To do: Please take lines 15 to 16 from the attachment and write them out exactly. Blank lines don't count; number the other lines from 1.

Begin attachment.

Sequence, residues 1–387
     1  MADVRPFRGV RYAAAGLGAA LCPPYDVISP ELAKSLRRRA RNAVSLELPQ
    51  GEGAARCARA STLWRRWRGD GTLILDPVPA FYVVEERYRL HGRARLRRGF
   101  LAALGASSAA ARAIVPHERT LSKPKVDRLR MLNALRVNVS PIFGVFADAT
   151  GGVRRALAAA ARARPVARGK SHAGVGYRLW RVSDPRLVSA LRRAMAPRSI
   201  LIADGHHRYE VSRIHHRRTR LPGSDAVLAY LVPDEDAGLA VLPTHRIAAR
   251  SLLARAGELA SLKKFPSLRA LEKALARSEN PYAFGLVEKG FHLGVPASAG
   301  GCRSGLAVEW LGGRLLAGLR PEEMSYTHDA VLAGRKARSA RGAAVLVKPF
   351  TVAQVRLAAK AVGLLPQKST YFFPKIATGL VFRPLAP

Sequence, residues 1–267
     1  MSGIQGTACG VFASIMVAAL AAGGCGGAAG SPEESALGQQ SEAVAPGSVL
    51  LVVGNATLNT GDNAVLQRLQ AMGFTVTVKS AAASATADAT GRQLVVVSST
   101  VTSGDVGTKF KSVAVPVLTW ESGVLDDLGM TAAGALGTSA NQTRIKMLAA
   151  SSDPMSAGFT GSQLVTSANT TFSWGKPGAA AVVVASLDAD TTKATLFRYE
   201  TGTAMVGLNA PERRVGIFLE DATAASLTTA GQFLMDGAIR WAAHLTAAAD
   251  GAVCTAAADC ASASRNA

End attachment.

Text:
   201  TGTAMVGLNA PERRVGIFLE DATAASLTTA GQFLMDGAIR WAAHLTAAAD
   251  GAVCTAAADC ASASRNA